The other famous place in Kaohsiung that has undergone major transformation in the last few years is the Love River 愛河.   The river flows through the heart of the city, and for years was famous as a badly-polluted (and therefore very misnamed) stinky canal. But it too has been transformed.  The water has been cleaned up, parks run along the river banks with performances going on, restaurants, coffee shops, bars etc, and it is a pleasant place to spend an evening.  We were there on Wednesday night last week.  And Thursday night.  And Friday night too!  All for the Kaohsiung Lantern Festival, which finished this past weekend, but which saw thousands and thousands of people coming along to see the lanterns and the light show and the performances.  It’s the Year of the Dog and the old name of Kaohsiung was ‘Takau’ in the Taiwanese language (Chinese: 打狗). The meaning of the associated Chinese characters is “beat the dog”, so there were even more dog lanterns than ever.  And lanterns mean colour, colour and more colour!

And what else to see in Kaohsiung? A must-go place is the Formosa Boulevard MRT Station 美麗島站 (Meilidao) famous for its “Dome of Light”, the largest glass work in the world – designed by Italian artist Narcissus Quagliata.   I love it! 

And if you still have time and energy, check out some churches.  Right next to the Love River is the R.C. Holy Rosary Cathedral, apparently the oldest RC Church in Taiwan (though Wanchin Basilica RC Church in Pingtung may also be the oldest, depending on whether you date the church from when it was established, constructed, or rebuilt!) Anyway, the cathedral was first established in 1860 and rebuilt to its present dimensions in 1928.  I saw it very early in the morning, and very late at night, both times in the murky darkness,so this is the best view I got ~ actually it is completely overshadowed by nearby high-rise buildings, so really unless you know it’s there, you won’t even notice it!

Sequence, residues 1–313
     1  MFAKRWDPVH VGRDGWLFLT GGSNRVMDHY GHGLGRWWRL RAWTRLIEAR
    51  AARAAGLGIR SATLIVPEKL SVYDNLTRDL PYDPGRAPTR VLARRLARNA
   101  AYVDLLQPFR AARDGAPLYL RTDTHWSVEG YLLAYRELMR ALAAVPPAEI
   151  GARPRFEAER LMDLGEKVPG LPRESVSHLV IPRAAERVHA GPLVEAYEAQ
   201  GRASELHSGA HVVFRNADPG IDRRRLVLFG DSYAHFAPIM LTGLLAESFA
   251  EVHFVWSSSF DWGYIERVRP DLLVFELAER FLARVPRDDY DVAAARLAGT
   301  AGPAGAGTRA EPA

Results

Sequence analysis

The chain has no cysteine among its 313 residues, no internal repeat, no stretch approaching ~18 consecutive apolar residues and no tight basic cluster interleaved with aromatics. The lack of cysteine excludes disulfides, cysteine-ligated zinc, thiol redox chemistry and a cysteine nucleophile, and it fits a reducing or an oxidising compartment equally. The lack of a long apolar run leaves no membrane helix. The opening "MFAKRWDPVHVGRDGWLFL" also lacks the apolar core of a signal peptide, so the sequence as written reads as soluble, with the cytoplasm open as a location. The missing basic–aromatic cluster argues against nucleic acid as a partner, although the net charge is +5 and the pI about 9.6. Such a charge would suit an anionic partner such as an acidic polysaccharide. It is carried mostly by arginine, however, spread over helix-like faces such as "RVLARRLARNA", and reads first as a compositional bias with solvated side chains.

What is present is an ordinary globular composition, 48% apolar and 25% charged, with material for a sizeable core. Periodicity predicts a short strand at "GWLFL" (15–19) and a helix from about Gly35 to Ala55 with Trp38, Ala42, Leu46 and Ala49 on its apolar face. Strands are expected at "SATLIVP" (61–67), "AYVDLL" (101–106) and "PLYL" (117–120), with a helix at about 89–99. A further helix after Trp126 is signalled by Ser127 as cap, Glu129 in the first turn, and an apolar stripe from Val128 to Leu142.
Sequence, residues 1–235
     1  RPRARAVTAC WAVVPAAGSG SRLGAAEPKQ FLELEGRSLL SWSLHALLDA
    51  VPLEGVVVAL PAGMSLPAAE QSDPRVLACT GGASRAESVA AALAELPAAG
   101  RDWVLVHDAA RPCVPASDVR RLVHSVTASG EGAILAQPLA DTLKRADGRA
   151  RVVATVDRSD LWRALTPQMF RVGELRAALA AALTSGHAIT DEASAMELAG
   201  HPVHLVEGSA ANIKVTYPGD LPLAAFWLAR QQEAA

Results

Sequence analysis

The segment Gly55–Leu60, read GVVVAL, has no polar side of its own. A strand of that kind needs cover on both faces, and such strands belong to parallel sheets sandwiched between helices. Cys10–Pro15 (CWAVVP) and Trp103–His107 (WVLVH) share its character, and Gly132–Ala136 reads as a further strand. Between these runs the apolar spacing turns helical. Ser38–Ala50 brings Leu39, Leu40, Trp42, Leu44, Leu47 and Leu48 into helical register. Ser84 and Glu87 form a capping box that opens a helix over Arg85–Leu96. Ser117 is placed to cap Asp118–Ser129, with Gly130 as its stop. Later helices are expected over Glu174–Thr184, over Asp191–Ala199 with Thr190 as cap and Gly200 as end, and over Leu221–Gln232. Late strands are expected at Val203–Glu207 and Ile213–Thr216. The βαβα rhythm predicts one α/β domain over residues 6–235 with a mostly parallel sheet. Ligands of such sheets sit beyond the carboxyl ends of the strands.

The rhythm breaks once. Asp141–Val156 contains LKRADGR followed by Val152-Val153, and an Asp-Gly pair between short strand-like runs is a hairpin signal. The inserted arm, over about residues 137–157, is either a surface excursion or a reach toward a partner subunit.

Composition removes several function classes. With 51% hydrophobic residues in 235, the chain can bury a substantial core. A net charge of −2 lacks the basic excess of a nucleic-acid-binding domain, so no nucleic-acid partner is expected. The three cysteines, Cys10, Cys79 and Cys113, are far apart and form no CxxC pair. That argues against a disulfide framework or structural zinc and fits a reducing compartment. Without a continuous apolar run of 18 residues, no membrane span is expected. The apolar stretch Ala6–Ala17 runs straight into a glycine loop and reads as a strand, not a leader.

And the Taiwan Episcopal Church has 2 churches in Kaohsiung – the very beautiful St. Paul’s Church in the Sanmin area of the city…..

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And St. Timothy’s Church, not far from Formosa Boulevard MRT Station, 30 minutes walking distance apart.  Lovely clergy and very welcoming people in both churches. Well worth visiting too! 

So Kaohsiung is now my new favourite city.  It’s true it’s too hot in summer, but at this time of year and after a winter of terrible endless rain and cold up here in the north, well, y’know, Kaohsiung seems extra-attractive. Just look at all this colour! 

And the people are so friendly.  On an early morning walk around the city, everyone greets you.  Nobody does that in Taipei.  Or even Taichung.  Only in the countryside does that happen in northern and central Taiwan.

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But Kaohsiung, major city that it is, is oh so friendly!  I just love it!

PS: Updated May 28, 2018 – see Part 2, revisiting Street Art locations in Kaohsiung, discovering there’s even more street art than before!

A Big Welcome to: 台灣聖公會第58屆教區年議會 The Diocese of Taiwan 58th Annual Convention!

St. Paul’s Church, Kaohsiung was THE place to be this past weekend, as we all gathered ~ clergy and lay delegates from all over the Taiwan Episcopal Church ~ for our annual diocesan convention.  Every year this major event is held on the first Friday and Saturday of March, and this year it was hosted by St. Paul’s Church.   Last year the 57th annual convention was held a week earlier to fit in with the visit of Presiding Bishop Michael Curry, and it was held in a very very wet, cold and windy Taipei.  The weather was 100% miserable. We still had a wonderful time of course, and were inspired, challenged and encouraged by Presiding Bishop Michael’s sermons and sharing. But good weather we did not have!